iPad Pro "Retina" Display...

Discussion in 'iPad' started by DynamicSausage, Oct 18, 2015.

  1. DynamicSausage macrumors 6502

    DynamicSausage

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    #1
    Apologies if this has been discussed at length already, my first time venturing on this forum...

    Anyway, I was browsing over the iPad Pro specs and I'm sure it's not great secret that 3D/Force Touch is missing and many people are upset about it, perhaps it will be on the next model, perhaps not but what's not quite so obvious is the slacking resolution.

    Sure 2732x2048 sounds great and Apple even boast about it being the most on an iOS device but that actually translates to only 264ppi. Again, great but this is a very expensive flagship device and the current iPhones are 326ppi and 401ppi for the 6(S) and 6(S) Plus respectively.

    Yes, you could argue that those devices also have 3D touch and are perhaps a generation or two ahead of the iPad, something which was shown when Touch ID waited another year for it's iPad debut. So... I scrolled back another few years and took another look at the iPhone 4 when we first saw Retina display; 326ppi.

    Again, I apologise if I've already missed this discussion at length but if not... discuss. For me I could see past 3D Touch but I'll certainly be waiting for at LEAST a 2nd generation iPad Pro.
     
  2. Skylitfly macrumors 6502a

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    #2
    What kind of expectations do you have? You expect something like 5K display on iPad just to surpass 300ppi? Thats crazy.

    Retina is qualified by the ppi compared to the average distance of your eyes from the display. In short, larger the display the less ppi it needs. You wont be able to identify separete pixels on iPad Pro.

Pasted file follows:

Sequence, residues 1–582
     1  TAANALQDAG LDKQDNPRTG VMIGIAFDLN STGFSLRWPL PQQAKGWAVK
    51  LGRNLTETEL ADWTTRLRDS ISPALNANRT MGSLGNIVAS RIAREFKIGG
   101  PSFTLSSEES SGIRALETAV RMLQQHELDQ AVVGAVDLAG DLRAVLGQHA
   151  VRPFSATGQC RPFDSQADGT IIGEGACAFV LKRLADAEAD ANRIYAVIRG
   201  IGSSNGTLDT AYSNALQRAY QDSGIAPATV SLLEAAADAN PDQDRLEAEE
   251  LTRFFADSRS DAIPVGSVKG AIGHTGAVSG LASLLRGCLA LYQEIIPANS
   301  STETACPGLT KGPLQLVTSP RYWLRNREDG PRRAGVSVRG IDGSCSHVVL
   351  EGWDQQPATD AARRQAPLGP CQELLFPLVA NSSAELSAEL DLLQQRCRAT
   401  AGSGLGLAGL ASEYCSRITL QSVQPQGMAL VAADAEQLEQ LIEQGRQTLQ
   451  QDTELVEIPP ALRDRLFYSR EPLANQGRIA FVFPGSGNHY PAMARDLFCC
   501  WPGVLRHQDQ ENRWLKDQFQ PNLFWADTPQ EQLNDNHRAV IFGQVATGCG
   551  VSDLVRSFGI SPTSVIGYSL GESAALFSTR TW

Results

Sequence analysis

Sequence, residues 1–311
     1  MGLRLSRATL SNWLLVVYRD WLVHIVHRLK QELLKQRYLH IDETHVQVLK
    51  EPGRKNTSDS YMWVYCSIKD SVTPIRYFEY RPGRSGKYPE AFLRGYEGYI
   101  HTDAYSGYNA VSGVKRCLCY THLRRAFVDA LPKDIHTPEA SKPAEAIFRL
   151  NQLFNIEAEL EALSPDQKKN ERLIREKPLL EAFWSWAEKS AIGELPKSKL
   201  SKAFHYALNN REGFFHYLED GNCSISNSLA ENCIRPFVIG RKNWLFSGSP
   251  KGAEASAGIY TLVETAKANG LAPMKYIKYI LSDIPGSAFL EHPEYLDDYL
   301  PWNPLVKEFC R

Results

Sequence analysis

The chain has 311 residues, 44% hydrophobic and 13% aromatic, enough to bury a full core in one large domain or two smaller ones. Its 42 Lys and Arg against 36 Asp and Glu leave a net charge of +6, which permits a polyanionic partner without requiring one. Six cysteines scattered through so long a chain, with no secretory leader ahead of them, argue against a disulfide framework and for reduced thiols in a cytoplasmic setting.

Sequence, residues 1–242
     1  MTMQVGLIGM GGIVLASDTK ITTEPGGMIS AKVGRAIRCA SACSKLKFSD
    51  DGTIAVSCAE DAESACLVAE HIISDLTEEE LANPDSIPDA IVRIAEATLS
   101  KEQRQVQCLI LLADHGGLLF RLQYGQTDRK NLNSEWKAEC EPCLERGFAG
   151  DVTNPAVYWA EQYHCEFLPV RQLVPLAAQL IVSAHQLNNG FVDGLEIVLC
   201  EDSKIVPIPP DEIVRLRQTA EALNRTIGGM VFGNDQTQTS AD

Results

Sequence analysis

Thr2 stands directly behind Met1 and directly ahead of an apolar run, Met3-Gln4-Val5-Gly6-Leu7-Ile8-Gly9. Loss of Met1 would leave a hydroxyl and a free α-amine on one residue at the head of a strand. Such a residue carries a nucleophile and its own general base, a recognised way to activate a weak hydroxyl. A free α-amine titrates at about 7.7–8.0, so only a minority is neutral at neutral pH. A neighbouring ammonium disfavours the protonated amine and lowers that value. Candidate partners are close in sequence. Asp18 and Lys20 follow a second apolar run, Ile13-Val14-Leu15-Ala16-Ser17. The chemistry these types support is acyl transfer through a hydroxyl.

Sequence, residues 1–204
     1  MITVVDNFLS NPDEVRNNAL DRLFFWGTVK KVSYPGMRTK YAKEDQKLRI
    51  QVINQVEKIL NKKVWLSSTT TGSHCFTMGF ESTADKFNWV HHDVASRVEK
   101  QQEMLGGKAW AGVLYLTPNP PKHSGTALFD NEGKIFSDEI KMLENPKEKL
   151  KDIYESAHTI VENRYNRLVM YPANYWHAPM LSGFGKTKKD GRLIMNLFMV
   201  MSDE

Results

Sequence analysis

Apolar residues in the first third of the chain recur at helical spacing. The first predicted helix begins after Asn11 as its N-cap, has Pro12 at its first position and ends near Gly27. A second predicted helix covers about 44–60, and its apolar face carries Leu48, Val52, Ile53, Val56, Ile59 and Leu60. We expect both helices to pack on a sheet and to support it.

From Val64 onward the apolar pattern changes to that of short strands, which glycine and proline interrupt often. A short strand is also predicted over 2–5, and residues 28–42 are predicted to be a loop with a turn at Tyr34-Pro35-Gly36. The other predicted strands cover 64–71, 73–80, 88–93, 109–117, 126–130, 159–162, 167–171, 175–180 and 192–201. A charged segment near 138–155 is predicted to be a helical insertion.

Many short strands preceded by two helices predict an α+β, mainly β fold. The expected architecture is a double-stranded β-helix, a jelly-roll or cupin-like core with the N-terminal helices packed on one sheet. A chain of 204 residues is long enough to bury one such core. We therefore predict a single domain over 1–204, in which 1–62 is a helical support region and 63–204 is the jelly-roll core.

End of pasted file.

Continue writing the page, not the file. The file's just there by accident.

3. DynamicSausage thread starter macrumors 6502

    DynamicSausage

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    #3
    That's a reasonable point that you would need a fairly high resolution display to reach 300ppi but in all honesty I can see it coming, perhaps in a few years time. This is their "pro" model and in my eyes should have all the bells and whistles.

    I'm glad you mentioned that though because you made me look towards the new retina iMacs that are barely over 200ppi. I'm starting to think that Apple are just putting the word "Retina" on everything, even if it's not by their original definition, although as you say, the further away you are, the less density you need.
     
  4. profets macrumors 68040

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    #4
    Isnt' the 9.7" iPad (since 3rd gen) also 264ppi?
     
  5. masotime, Oct 18, 2015
    Last edited: Oct 18, 2015

    masotime macrumors 68000

    masotime

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    #5
    "Retina" is Apple's subjective terminology to refer to any pixel density that, at a given viewing distance as determined by them, you can barely make out the pixels. The only exception to this has been the marketing terminology Retina HD, which really just means the iPhone 6/S+ has a display that can play 1080p (i.e. Full HD).

    Having said that, I still wish the iPad Pro had a 4K class display, or 4096 x 3072 at a 4:3 ratio. This would effectively be 397 PPI, i.e. iPhone 6/6S+ class pixel density. 4K video is becoming more and more mainstream, and I'd really like an iPad that can play 4K video at the full resolution as recorded by my iPhone 6S/6S+.....

     
  6. mtneer macrumors 68020

    mtneer

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    #6
    You are also looking at a first generation device. Apple has a good track record of making big jumps with second or third generation devices - think of the original iPhone, the first iPad and the first iPad Mini.

    If I were considering an iPad Pro for my workflow, I would start looking at it maybe in 2017. Until then I will watch the early adopters spend their cash on what Apple gives them today.
     
  7. AceFernalld macrumors 65816

    AceFernalld

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    #7
    I don't see where you're coming from on this one. 264ppi has been considered Retina on iPads since March 2012.
     
  8. Skylitfly macrumors 6502a

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    #8